The fourth principle is building your team. As I said earlier, there is still this idea that entrepreneurship is an ‘individual sport’ where a lone genius builds something all alone. That just isn’t the case. The reality is that there is no ideal builder—just ideal teams. It is important to make sure your teams have the distribution of talent needed to build a successful venture.
Q. Tell us about the three roles that are critical to every start-up team.
The first is the Rainmaker. This is the revenue generator and the main customer creator. He or she has excellent sales talent and an uncanny ability to manage risks. The second role is the Expert—an innovator with a focus on product development. This individual usually has expertise in a particular area that fuels product development. Experts tend to be highly independent and are constantly reimagining new possibilities.
The third role is the Conductor, which requires a high level of managerial talent. If a business wants to grow in scale, you need the glue that holds all of the pieces together—from hiring employees, to positioning them in the right roles, to making sure processes are set up so that the product can be delivered on time. Orchestrators have the ability to manage all aspects of the business so that it becomes a well-oiled machine.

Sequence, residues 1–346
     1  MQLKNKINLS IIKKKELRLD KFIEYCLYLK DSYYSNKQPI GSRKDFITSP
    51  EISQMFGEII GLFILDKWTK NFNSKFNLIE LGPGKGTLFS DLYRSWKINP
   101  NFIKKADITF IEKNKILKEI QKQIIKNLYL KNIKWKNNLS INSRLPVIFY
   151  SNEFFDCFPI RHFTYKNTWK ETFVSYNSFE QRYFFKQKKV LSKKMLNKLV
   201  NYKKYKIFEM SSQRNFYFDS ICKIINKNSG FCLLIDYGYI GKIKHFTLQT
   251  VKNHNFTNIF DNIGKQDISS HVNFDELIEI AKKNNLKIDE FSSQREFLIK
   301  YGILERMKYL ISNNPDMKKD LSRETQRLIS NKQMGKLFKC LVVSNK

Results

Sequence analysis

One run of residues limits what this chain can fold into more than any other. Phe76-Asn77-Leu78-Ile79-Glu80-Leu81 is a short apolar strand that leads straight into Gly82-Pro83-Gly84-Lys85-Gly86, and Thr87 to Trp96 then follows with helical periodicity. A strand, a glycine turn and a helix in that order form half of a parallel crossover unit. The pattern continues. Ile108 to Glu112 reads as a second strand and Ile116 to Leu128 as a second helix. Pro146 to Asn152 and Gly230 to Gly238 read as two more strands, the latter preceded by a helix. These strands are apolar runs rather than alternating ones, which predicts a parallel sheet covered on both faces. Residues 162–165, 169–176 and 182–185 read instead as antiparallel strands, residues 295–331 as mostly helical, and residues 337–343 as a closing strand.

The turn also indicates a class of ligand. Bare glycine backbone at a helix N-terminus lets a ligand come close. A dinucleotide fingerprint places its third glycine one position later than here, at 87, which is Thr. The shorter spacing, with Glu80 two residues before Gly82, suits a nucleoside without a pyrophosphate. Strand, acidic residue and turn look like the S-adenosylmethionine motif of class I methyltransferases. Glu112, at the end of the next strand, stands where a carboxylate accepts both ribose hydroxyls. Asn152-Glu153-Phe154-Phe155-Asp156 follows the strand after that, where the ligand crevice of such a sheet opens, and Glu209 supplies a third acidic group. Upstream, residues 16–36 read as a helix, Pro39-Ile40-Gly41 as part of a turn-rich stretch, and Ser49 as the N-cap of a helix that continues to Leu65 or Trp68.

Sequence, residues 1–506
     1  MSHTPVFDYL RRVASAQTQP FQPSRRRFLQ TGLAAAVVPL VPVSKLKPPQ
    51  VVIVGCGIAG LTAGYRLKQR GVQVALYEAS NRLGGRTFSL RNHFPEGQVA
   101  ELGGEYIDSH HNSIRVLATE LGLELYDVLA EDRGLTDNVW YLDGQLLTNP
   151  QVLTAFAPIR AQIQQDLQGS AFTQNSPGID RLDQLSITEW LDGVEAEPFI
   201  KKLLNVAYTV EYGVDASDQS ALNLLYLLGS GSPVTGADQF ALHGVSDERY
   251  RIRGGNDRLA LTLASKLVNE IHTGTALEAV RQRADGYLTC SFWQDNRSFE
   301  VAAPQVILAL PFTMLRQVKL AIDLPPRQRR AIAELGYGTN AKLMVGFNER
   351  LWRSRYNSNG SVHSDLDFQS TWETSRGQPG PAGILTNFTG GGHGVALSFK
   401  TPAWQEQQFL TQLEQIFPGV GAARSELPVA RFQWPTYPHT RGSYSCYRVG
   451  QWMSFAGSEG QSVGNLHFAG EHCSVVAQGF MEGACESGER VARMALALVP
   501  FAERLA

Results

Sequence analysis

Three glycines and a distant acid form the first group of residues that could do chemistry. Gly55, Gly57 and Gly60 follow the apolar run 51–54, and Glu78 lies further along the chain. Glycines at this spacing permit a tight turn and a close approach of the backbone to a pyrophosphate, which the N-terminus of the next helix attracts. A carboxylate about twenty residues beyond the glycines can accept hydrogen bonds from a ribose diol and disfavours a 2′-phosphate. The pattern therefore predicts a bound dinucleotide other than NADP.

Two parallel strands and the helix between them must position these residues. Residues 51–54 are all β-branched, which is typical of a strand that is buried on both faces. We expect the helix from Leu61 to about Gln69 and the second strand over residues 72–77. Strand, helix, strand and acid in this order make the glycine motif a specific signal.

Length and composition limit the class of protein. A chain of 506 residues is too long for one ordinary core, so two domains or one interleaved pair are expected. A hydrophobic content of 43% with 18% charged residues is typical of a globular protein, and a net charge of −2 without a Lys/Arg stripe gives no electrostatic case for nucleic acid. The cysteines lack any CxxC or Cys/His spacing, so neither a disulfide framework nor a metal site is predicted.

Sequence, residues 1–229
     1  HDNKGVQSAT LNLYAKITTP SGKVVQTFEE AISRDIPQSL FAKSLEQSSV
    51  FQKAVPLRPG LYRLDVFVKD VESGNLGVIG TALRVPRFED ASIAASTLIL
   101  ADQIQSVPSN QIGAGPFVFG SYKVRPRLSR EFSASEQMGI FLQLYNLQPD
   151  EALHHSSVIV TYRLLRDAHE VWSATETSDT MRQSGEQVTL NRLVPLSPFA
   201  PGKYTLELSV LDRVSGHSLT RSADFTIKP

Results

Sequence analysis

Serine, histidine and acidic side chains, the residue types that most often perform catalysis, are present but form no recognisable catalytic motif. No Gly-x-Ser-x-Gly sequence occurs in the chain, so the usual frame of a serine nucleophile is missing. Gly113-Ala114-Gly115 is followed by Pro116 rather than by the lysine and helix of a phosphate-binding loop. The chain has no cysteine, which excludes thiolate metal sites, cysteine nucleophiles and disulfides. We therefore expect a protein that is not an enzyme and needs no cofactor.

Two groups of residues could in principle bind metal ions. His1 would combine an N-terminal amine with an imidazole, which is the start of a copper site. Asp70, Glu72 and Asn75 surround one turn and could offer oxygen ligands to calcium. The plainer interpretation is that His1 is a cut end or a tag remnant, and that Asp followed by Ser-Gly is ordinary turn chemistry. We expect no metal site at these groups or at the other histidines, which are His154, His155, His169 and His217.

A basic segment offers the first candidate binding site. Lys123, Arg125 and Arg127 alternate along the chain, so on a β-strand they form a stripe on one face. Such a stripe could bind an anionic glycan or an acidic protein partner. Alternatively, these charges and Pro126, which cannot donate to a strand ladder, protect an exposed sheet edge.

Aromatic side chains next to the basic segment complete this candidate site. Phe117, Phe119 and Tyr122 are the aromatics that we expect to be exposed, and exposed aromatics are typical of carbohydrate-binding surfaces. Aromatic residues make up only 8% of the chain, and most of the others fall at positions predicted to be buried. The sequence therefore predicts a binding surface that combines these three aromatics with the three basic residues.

By the way, each of these types can start or grow a venture independently; but the real magic happens when the three come together on a team.Q. Having studied many start-ups as they get off the ground, what have you learned about the path to opportunity creation?
The most important thing we have learned is that everyone can improve their ability to recognize opportunities. Becoming alert and sensitive to the shifts happening around you—whether it be shifts in the market or shifts in customer needs—is something we can learn to do.
We have identified three steps to becoming more alert to opportunities around you. The first is to start with your talents. Look at what you do in your day-to-day life and think about which particular activities lead to a very high level of engagement, genuine satisfaction or a state of ‘flow’. In most cases, you learned this activity very quickly and saw early signs of success. If all of these conditions are met, you are in your ‘talent zone’.
To discover yours, we recommend keeping an ‘opportunity journal’ for three to four weeks and recording all of your activities on a day-to-day basis. At the end of week four, go through it and you will start to recognize what really puts you in the zone. You will also notice the things that are ‘performance-drainers’. Once you identify your talent zone, you can move on to the next step, which is connecting the dots.
Q. Tell us more about ‘connecting the dots’.
As you identify one or two activities that are in your talent zone and get more involved in them, you will begin to develop awareness about the problems, gaps and issues related to each activity. This awareness can lead to ideas that can change or improve the situation.